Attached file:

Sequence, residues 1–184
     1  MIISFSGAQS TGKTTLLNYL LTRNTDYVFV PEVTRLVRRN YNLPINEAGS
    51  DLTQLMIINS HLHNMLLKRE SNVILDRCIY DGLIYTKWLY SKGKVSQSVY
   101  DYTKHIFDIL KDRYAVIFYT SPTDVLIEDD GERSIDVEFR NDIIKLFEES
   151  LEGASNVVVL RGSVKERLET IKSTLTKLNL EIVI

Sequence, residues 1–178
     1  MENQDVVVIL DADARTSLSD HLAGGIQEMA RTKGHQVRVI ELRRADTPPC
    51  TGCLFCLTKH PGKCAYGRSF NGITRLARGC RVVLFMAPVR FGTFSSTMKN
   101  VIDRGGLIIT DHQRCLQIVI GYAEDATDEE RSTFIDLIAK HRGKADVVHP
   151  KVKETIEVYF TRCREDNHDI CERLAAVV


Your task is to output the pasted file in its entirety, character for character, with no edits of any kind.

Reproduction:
Sequence, residues 1–184
     1  MIISFSGAQS TGKTTLLNYL LTRNTDYVFV PEVTRLVRRN YNLPINEAGS
    51  DLTQLMIINS HLHNMLLKRE SNVILDRCIY DGLIYTKWLY SKGKVSQSVY
   101  DYTKHIFDIL KDRYAVIFYT SPTDVLIEDD GERSIDVEFR NDIIKLFEES
   151  LEGASNVVVL RGSVKERLET IKSTLTKLNL EIVI

Sequence, residues 1–178
     1  MENQDVVVIL DADARTSLSD HLAGGIQEMA RTKGHQVRVI ELRRADTPPC
    51  TGCLFCLTKH PGKCAYGRSF NGITRLARGC RVVLFMAPVR FGTFSSTMKN
   101  VIDRGGLIIT DHQRCLQIVI GYAEDATDEE RSTFIDLIAK HRGKADVVHP
   151  KVKETIEVYF TRCREDNHDI CERLAAVV